Jim Alvey: Disaster definitely is the toughest of the spaces just because it’s such a moving target. And it’s so critical to thread that needle that you talked about. We’ve actually coined a phrase around it that has a mantra. I go to bed saying it. I know I’ve gotten you to say it, the right goods to the right people at the right time. And we really do live by that. I mean, each one of those pieces has something important around it. We make sure that it’s the right goods. Meaning that is not what you just described. We’ve got all kinds of crazy stories from winter coats being sent to Africa, to birth control and Viagra being said as donations, all kinds of crazy stuff. Not necessarily the right products for any kind of disaster.

Jennifer Gray Thompson: For someone, sure. But I was wondering, how did they get Viagra donated?

Jim Alvey: Will get to that segment too.

Jennifer Gray Thompson: Yeah, yeah. That’s crazy. So how did you come to do this work, though? How did you end up in this position?

Jim Alvey: So my background for me is primarily in media, working for Arbitron Ratings now owned by Nielsen. So working on that side of things always wanted to be that talking head announcer but that wasn’t to be. So found other ways to participate in media, but television, the ratings industry, and then lastly, in media around newspapers, and community newspapers, in particular. Really love that aspect of newspapers, that’s a very, very challenging industry right now as everybody knows. So I had to find something new. And then stead of doing what I had been doing, I tried to utilize the same skill set for something else, and Goos360 just kind of popped up. And it’s absolutely been perfect. The same kind of selling that I was trying to do before is actually partnership skills. So finding out what a partner, a company wants to do, what they have, what they’re trying to accomplish, and then finding a way to make that happen for them too so that they can do something good. And that’s been really, really rewarding for me.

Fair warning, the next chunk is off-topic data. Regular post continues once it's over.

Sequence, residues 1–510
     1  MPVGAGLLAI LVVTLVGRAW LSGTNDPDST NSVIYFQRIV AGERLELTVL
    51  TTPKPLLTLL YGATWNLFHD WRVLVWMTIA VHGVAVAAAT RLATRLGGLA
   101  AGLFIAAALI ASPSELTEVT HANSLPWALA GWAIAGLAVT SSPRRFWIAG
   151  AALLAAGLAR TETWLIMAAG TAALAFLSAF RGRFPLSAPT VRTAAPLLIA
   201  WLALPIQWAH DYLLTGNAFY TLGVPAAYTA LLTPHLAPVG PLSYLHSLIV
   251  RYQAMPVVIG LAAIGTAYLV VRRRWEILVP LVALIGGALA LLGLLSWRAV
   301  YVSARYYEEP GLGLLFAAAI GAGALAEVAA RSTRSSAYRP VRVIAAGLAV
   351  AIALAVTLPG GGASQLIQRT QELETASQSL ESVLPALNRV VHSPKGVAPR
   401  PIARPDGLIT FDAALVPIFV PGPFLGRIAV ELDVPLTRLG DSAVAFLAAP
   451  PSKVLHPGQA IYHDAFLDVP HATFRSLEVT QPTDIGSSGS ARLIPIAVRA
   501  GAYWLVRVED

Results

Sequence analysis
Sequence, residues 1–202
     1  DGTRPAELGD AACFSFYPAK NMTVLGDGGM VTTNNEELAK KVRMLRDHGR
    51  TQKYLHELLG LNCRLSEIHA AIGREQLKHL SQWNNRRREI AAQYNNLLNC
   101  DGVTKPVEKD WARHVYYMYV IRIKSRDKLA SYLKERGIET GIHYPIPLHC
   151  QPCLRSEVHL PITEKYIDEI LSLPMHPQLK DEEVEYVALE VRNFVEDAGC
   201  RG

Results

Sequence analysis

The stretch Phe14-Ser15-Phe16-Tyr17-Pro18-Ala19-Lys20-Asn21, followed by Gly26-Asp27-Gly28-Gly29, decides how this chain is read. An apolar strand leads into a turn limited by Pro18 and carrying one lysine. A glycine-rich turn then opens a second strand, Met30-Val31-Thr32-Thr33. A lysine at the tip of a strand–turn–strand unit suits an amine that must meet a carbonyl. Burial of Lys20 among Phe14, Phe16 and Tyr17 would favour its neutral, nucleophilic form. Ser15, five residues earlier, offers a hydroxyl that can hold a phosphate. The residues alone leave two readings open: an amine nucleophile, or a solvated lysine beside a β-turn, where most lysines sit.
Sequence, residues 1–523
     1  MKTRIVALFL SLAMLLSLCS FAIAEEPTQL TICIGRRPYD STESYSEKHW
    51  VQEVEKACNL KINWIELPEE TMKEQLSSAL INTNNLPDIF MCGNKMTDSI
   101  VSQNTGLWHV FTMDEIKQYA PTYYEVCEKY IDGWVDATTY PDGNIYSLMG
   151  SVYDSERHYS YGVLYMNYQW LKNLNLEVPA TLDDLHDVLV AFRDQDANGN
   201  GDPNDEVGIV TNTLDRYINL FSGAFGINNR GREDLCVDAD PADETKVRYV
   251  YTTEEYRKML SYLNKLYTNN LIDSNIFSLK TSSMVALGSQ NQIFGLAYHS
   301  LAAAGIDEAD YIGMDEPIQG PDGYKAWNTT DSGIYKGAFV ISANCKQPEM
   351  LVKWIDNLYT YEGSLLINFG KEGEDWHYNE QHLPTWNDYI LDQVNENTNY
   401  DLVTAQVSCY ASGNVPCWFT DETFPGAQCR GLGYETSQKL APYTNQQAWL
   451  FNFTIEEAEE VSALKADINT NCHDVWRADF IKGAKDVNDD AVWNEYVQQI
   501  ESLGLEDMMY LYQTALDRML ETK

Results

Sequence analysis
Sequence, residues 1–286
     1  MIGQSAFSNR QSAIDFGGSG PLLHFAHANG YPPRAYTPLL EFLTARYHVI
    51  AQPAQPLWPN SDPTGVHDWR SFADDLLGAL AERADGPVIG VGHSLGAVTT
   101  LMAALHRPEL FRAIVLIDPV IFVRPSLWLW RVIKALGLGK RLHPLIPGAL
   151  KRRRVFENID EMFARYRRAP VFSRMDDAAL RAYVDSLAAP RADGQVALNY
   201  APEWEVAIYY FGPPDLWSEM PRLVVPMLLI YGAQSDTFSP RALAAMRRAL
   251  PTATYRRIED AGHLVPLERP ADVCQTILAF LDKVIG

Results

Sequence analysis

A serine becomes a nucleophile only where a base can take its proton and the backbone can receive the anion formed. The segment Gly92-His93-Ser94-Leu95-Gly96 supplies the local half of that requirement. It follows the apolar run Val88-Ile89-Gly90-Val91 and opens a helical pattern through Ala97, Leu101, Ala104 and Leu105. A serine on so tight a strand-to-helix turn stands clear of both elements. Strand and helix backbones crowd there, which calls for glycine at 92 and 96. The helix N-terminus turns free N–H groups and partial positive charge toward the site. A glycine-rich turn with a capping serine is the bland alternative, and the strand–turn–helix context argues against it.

Jennifer Gray Thompson: So in the space of disaster, which is also breaking news, I guess you got there in that sense. What’s one of your most moving experiences with matching that need to give with that need to receive?

Jim Alvey: Yeah. There’s a recent effect to that, of course, because there’s so many active disasters now. Just being able to do something, anything for Ukraine in that response, which is a totally different disaster. Man made completely. It’s a war. But being able to have products that were able to be bought from wherever they were in the United States, multiple locations over to Poland and other countries, and then actually into Ukraine, I get goosebumps thinking about it because the need is so desperate there for such a wide audience. And unfortunately, being one of those disasters that is so different that people are going to kind of forget that there’s an actual war going on right now. So not to focus on that, because it’s timely. I would say that actual work that we’ve done in fires because we’ve been trying so hard to help with wildfire recovery response is tough because it’s, especially with fire, so fast, but long term recovery efforts are out in California.

Jennifer Gray Thompson: Wildfire is just a little bit different from a peril. And I think that that’s been one of the challenges for a lot of national partners is to really learn their way through space. We’re also well versed in wind and rain. We even know what to expect after an earthquake. But wildfire in the end happened. We’ve had 32 million acres burned since 2017 alone in this country, and I think that one of the things that we noticed right away was that a lot of the offers of goods and services came immediately. And part of the problem is when it’s all gone, it’s all burned down there. There’s nothing left to muck. There’s nothing left. It’s all ash, oily ash. And then that takes 6 to 12 months to even clean up. And then you start the process of craps rebuilding. So a lot of times what people need is two to three to four years out. How do you approach that?


“There’s a sexiness around response to the urgency of the impact, and then people lose their attention span. It’s not just people— companies, foundations forget that long-term work is the hardest part and the longest part.” -Jim Alvey